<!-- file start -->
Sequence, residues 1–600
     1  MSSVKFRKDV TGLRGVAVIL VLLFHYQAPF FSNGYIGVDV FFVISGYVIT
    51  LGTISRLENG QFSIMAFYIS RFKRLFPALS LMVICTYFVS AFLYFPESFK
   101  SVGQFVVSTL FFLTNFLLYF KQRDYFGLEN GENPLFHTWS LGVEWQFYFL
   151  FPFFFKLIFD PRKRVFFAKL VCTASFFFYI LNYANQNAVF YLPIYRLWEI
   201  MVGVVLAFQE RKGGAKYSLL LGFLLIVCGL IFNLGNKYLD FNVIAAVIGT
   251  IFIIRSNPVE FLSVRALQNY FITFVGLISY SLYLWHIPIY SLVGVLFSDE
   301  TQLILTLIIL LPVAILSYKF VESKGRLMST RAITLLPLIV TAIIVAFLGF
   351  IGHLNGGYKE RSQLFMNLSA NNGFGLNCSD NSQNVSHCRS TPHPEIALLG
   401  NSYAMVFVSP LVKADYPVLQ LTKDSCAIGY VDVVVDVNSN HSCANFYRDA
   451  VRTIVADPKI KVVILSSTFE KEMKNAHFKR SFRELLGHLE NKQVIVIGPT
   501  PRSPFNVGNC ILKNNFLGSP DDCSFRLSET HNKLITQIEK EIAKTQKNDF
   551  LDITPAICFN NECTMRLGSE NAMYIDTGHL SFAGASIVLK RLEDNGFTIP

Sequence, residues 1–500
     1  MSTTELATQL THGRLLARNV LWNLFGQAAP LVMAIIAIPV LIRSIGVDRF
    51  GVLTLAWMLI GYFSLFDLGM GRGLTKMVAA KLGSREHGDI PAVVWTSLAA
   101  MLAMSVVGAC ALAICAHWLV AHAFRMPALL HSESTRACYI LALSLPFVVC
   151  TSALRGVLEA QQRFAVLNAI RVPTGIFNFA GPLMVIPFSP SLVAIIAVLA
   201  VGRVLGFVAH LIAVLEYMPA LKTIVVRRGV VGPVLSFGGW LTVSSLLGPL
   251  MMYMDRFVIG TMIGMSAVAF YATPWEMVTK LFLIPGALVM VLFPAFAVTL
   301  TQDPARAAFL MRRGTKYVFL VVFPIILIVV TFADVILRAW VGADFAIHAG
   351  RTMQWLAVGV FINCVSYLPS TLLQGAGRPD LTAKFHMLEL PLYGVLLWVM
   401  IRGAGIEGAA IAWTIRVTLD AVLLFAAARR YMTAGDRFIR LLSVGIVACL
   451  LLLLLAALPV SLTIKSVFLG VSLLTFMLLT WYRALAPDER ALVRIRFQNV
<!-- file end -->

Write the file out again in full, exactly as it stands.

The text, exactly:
Sequence, residues 1–600
     1  MSSVKFRKDV TGLRGVAVIL VLLFHYQAPF FSNGYIGVDV FFVISGYVIT
    51  LGTISRLENG QFSIMAFYIS RFKRLFPALS LMVICTYFVS AFLYFPESFK
   101  SVGQFVVSTL FFLTNFLLYF KQRDYFGLEN GENPLFHTWS LGVEWQFYFL
   151  FPFFFKLIFD PRKRVFFAKL VCTASFFFYI LNYANQNAVF YLPIYRLWEI
   201  MVGVVLAFQE RKGGAKYSLL LGFLLIVCGL IFNLGNKYLD FNVIAAVIGT
   251  IFIIRSNPVE FLSVRALQNY FITFVGLISY SLYLWHIPIY SLVGVLFSDE
   301  TQLILTLIIL LPVAILSYKF VESKGRLMST RAITLLPLIV TAIIVAFLGF
   351  IGHLNGGYKE RSQLFMNLSA NNGFGLNCSD NSQNVSHCRS TPHPEIALLG
   401  NSYAMVFVSP LVKADYPVLQ LTKDSCAIGY VDVVVDVNSN HSCANFYRDA
   451  VRTIVADPKI KVVILSSTFE KEMKNAHFKR SFRELLGHLE NKQVIVIGPT
   501  PRSPFNVGNC ILKNNFLGSP DDCSFRLSET HNKLITQIEK EIAKTQKNDF
   551  LDITPAICFN NECTMRLGSE NAMYIDTGHL SFAGASIVLK RLEDNGFTIP

Sequence, residues 1–500
     1  MSTTELATQL THGRLLARNV LWNLFGQAAP LVMAIIAIPV LIRSIGVDRF
    51  GVLTLAWMLI GYFSLFDLGM GRGLTKMVAA KLGSREHGDI PAVVWTSLAA
   101  MLAMSVVGAC ALAICAHWLV AHAFRMPALL HSESTRACYI LALSLPFVVC
   151  TSALRGVLEA QQRFAVLNAI RVPTGIFNFA GPLMVIPFSP SLVAIIAVLA
   201  VGRVLGFVAH LIAVLEYMPA LKTIVVRRGV VGPVLSFGGW LTVSSLLGPL
   251  MMYMDRFVIG TMIGMSAVAF YATPWEMVTK LFLIPGALVM VLFPAFAVTL
   301  TQDPARAAFL MRRGTKYVFL VVFPIILIVV TFADVILRAW VGADFAIHAG
   351  RTMQWLAVGV FINCVSYLPS TLLQGAGRPD LTAKFHMLEL PLYGVLLWVM
   401  IRGAGIEGAA IAWTIRVTLD AVLLFAAARR YMTAGDRFIR LLSVGIVACL
   451  LLLLLAALPV SLTIKSVFLG VSLLTFMLLT WYRALAPDER ALVRIRFQNV